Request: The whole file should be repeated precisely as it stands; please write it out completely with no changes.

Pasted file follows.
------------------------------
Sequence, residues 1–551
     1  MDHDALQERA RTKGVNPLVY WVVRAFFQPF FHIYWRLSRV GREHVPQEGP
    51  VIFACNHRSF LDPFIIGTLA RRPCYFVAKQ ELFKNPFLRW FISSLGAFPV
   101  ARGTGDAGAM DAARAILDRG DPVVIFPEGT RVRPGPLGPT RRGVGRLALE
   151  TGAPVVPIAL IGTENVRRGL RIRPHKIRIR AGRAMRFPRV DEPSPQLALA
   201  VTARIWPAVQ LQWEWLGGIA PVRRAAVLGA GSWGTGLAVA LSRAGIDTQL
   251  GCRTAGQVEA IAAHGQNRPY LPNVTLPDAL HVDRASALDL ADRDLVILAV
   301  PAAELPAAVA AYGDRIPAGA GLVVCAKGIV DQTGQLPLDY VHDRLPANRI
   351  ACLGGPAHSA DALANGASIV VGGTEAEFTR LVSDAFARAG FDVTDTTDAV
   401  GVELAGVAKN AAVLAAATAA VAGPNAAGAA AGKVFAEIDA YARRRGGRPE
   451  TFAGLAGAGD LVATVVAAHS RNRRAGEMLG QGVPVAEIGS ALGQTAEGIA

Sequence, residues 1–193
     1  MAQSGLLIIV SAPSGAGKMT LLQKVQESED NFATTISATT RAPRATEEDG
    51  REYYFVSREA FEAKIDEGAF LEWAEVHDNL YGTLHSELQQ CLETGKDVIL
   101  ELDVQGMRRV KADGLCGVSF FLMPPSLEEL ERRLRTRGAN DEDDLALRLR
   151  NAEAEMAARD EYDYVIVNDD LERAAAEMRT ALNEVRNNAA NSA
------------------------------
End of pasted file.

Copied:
Sequence, residues 1–551
     1  MDHDALQERA RTKGVNPLVY WVVRAFFQPF FHIYWRLSRV GREHVPQEGP
    51  VIFACNHRSF LDPFIIGTLA RRPCYFVAKQ ELFKNPFLRW FISSLGAFPV
   101  ARGTGDAGAM DAARAILDRG DPVVIFPEGT RVRPGPLGPT RRGVGRLALE
   151  TGAPVVPIAL IGTENVRRGL RIRPHKIRIR AGRAMRFPRV DEPSPQLALA
   201  VTARIWPAVQ LQWEWLGGIA PVRRAAVLGA GSWGTGLAVA LSRAGIDTQL
   251  GCRTAGQVEA IAAHGQNRPY LPNVTLPDAL HVDRASALDL ADRDLVILAV
   301  PAAELPAAVA AYGDRIPAGA GLVVCAKGIV DQTGQLPLDY VHDRLPANRI
   351  ACLGGPAHSA DALANGASIV VGGTEAEFTR LVSDAFARAG FDVTDTTDAV
   401  GVELAGVAKN AAVLAAATAA VAGPNAAGAA AGKVFAEIDA YARRRGGRPE
   451  TFAGLAGAGD LVATVVAAHS RNRRAGEMLG QGVPVAEIGS ALGQTAEGIA

Sequence, residues 1–193
     1  MAQSGLLIIV SAPSGAGKMT LLQKVQESED NFATTISATT RAPRATEEDG
    51  REYYFVSREA FEAKIDEGAF LEWAEVHDNL YGTLHSELQQ CLETGKDVIL
   101  ELDVQGMRRV KADGLCGVSF FLMPPSLEEL ERRLRTRGAN DEDDLALRLR
   151  NAEAEMAARD EYDYVIVNDD LERAAAEMRT ALNEVRNNAA NSA